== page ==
By Dave Skinner, 1-16-13
With politicians and journalists jitterbugging in blood, a giant sucking sound heard at gun shows and gun shops all across America, and now word that President Barack Obama may ban guns through executive order – is new gun control likely in the wake of the Newtown slayings?
One certainty: The political fight over Evil Black Rifles (EBRs) will be even bigger than in the early 1990s.
To begin, EBRs are mainstream firearms, owned by millions more Americans than in 1994.
Furthermore, American citizens have considerably less trust in government today than in 1994. Control guns when our leaders can’t even control the budget?
More specifically, there’s history: The unprecedented 1994 “assault weapons” ban was also an unprecedented failure – mainly because the people who wrote and voted for it were, and remain, utterly clueless about the subject matter. Voters rewarded those responsible in 1994 – and the law itself expired with little notice in 2004.
Today Sen. Dianne Feinstein (D-Calif.), who led the charge for the 1994 ban, is back. Her new, “perfected” proposal is mostly a longer list of banned firearms and “features,” along with 900 named guns our betters will allow American peasants to keep. On top is a total ban of evil “pistol grips” for 2013, along with a new prohibition on extra-deadly “thumbhole” stocks and nonexistent-in-reality “rocket launcher” attachments.
Three days after Newtown, I watched Feinstein breathlessly tell Gwen Ifill of PBS: “I gather this particular Bushmaster, you can actually sort of dial down the ease with which you pull the trigger and its frequency.”
Some guns “actually sort of” have adjustable triggers? Gadzooks!
Pardon me if I think it’s irresponsible for a U.S. senator with so little pistol grip on reality to propose “sensible gun laws.” More of the same old nonsense won’t work – even if Congress passes it.
Second, Feinstein’s bill seeks to impose a federal registration program, treating EBRs like machine guns. EBRs and magazines now in private ownership will be “grandfathered,” but not transferable, even to heirs. I guess the “reasoning” is, the government can pry our registered EBRs from our cold, dead hands after we croak.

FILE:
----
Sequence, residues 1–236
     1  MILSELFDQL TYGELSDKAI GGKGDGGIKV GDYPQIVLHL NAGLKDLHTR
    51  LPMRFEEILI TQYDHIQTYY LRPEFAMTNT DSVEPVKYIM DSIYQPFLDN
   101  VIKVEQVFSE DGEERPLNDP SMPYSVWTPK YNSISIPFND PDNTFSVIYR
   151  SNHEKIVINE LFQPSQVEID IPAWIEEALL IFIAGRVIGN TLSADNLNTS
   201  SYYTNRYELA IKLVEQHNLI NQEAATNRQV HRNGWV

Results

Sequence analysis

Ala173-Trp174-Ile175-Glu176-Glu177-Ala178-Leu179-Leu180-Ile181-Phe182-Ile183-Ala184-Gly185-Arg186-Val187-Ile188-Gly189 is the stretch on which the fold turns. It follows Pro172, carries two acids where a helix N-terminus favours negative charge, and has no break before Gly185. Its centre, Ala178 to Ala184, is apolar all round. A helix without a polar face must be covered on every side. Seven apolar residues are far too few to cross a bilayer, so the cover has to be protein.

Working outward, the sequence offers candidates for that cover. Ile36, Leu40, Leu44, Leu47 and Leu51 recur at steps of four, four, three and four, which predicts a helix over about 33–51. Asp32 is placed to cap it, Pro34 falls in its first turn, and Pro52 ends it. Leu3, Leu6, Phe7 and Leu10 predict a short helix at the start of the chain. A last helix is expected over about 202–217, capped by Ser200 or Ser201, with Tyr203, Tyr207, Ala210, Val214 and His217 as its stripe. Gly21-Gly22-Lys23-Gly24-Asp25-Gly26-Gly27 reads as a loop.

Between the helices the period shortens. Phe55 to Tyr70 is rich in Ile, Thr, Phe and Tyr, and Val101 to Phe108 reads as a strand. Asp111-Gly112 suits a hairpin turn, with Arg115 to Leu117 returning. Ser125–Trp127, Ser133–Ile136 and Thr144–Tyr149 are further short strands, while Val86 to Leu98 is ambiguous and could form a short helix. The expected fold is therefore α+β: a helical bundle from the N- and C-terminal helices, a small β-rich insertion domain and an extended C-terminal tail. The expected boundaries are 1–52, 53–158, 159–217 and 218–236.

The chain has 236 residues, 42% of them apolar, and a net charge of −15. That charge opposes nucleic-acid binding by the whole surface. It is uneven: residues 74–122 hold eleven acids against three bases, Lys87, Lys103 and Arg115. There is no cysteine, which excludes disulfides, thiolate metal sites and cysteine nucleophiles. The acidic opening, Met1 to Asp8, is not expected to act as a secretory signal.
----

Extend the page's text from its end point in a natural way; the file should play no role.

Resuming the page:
But there will be strong resistance to registration, thanks at least in part to those great protectors of the First Amendment, America’s professional press.
New York State requires permits for handgun ownership under a tiered use system, from “target” on up to, if you are really special, “unrestricted carry.” These permits are public record.
Some newspapers have already published such lists, enraging gun owners while delighting voyeurs and criminals. But a week after the Newtown disaster, the geniuses at the Westchester Journal-News posted the name and street address of every registrant in two New York counties to an amazing Google Maps page. Anonymous users, naughty or nice, can zoom right in to each permit holder on a street map. Even better, users can switch functions and check out permittees’ homes on the Google Earth satellite image and Zillow – same as convicted sex offenders!
Now, what if the Beacon did that?
However, this press attack on privacy is trivial compared to the abuses zealous politicians could launch with registration information. In 1995, CBS 60 Minutes interviewed Sen. Feinstein about her ban, which wasn’t all she’d hoped: “If I could have gotten 51 votes in the Senate of the United States for an outright ban, picking up every one of them, Mr. and Mrs. America, turn ‘em all in, I would have done it.” She didn’t; the ban expired.
But Obama’s election raised hopes (and fears) he would sign a new ban into law. Feinstein made ready to pounce, telling CBS reporter Lesley Stahl in April 2009: “I’ll pick the time, and the place … there’s no question about that.”
The only question left was how big a puddle of blood Feinstein and her allies felt would float their latest scheme, and how long it would take for them to jump in and start splashing. Now we know.
As to whether a puddle big enough for swimming is also big enough for drowning – we’ll find out soon enough.
[End of article]